Can You Exercise After a Deep Tissue Massage?
Deep tissue massage focuses on the connective tissue of the body. Connective tissue lines the body, divides muscles into functional compartments, covers each muscle and also connects individual muscle cells to each other. Deep tissue massage is a slow, careful massage that works through the connective tissue layers one by one. Therapists use the hands, fingers, thumbs, forearms and elbows to stretch each layer of connective tissue and each muscle, down to the deepest layers of tissue, removing adhesions and other scar tissue and allowing the muscles to work freely again.

How It Works

Deep tissue massage releases tight and contracted muscles and connective tissue in several ways. The first is mechanical; the therapist stretches tight muscles and connective tissue causing microtears that heal quickly, making the muscles longer and more relaxed. It also “resets” the muscle spindles, nerves that let the brain know how long or short the muscle is and whether it is contracting or not. The nerves have to get used to the new normal once the tightness is released. The massage also warms tissue fluid and moves excess fluid out of the tissues, relieving pressure on nerves and making the muscles more relaxed.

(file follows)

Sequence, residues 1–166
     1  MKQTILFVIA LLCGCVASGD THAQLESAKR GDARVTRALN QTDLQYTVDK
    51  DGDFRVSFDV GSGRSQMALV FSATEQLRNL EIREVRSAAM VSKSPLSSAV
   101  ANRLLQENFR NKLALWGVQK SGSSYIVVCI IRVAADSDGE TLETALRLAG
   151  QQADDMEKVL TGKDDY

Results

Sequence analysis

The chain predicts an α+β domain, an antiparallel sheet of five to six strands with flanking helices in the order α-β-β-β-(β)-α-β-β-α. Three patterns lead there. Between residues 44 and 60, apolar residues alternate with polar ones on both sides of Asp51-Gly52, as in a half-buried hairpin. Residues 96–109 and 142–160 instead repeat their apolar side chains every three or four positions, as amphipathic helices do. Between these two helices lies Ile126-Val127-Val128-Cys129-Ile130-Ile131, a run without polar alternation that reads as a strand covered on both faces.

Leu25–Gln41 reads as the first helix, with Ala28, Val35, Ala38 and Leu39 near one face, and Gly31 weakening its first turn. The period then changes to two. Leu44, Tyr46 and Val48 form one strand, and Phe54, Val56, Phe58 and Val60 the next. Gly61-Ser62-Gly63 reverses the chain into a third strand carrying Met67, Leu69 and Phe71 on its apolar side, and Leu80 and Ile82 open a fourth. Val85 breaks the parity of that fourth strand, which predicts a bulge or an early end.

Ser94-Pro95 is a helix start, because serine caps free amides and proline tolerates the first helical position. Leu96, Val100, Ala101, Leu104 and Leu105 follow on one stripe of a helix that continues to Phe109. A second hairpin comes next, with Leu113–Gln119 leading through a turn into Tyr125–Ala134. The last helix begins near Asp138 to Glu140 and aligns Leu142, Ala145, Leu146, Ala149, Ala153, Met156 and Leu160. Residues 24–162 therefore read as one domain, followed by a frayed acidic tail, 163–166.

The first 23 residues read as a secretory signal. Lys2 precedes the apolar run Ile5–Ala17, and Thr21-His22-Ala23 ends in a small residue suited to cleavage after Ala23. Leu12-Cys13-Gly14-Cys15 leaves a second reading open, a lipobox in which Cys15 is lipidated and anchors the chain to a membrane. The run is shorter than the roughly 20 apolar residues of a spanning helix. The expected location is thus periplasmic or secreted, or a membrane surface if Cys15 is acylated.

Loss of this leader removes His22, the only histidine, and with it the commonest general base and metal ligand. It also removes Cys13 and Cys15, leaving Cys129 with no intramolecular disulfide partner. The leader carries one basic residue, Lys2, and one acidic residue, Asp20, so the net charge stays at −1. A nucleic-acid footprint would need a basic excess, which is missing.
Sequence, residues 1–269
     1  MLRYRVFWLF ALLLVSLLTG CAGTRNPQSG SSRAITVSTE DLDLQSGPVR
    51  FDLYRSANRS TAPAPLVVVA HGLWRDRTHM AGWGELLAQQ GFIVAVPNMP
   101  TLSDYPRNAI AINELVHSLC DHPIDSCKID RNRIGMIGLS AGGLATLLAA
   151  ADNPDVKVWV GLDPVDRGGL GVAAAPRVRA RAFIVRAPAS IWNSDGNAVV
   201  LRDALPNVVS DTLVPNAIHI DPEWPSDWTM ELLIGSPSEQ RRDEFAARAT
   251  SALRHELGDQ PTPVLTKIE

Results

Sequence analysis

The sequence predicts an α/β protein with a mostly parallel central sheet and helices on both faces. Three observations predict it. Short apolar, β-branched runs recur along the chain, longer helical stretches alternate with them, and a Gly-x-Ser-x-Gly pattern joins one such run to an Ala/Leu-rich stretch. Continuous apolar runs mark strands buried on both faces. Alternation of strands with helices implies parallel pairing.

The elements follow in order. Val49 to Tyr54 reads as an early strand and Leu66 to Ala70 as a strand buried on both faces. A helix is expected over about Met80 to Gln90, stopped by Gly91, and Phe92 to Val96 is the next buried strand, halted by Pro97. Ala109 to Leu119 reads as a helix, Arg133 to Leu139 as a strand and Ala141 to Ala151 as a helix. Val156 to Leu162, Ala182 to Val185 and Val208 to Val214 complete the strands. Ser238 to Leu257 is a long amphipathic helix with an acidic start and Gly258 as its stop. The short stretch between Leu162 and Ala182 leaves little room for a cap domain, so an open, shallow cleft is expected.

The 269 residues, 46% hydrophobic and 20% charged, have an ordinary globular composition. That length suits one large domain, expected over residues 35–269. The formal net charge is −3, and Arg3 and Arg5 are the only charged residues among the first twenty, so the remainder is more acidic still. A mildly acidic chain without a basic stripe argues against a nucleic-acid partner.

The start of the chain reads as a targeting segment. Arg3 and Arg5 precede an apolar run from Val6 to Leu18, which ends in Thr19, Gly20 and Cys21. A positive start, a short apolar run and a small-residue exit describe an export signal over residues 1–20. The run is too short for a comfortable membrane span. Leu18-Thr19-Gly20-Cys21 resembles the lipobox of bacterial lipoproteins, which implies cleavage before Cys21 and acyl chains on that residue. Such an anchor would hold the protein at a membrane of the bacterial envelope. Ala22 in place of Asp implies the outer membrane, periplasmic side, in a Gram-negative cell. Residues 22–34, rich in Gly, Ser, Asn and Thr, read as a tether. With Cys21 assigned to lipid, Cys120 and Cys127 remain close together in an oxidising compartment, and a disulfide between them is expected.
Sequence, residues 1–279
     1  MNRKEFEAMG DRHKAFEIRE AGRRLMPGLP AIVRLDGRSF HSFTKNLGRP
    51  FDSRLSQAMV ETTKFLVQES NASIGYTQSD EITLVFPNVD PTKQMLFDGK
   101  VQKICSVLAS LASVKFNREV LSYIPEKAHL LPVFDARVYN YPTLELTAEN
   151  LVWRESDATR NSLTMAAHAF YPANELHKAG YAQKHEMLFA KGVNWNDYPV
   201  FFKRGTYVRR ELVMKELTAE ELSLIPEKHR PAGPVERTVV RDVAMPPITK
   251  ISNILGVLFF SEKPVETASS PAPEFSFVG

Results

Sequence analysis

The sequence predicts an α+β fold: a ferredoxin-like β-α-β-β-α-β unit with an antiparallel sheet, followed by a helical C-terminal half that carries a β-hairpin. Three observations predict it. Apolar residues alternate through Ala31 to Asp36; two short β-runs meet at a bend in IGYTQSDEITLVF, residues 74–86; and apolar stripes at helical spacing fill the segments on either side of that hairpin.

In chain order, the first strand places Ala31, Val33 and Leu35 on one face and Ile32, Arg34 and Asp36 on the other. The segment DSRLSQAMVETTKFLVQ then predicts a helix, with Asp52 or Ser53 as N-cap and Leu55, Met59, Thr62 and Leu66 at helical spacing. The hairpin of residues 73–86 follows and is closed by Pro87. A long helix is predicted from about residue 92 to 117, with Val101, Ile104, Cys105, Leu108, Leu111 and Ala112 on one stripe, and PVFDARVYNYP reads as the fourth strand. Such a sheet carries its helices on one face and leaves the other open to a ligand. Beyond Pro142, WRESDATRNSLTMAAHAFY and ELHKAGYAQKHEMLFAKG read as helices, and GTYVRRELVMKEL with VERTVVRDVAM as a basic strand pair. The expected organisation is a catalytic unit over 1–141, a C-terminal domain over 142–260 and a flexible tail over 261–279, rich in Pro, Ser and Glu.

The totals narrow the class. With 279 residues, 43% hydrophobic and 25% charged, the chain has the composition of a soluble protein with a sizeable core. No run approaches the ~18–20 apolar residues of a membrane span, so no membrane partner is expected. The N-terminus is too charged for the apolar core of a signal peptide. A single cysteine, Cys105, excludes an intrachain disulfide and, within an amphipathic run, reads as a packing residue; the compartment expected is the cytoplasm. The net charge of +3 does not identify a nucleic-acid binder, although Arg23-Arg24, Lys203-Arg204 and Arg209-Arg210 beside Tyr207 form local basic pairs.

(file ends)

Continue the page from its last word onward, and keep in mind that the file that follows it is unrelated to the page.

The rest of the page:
Deep tissue massage makes changes in movement and posture by balancing and relaxing muscle. In the long run, you will feel more relaxed, more flexible and have greater range of motion. It reduces chronic pain and mobilizes joints. Short-term, you may feel bruised and tender after a deep tissue massage because of the intense work that is done.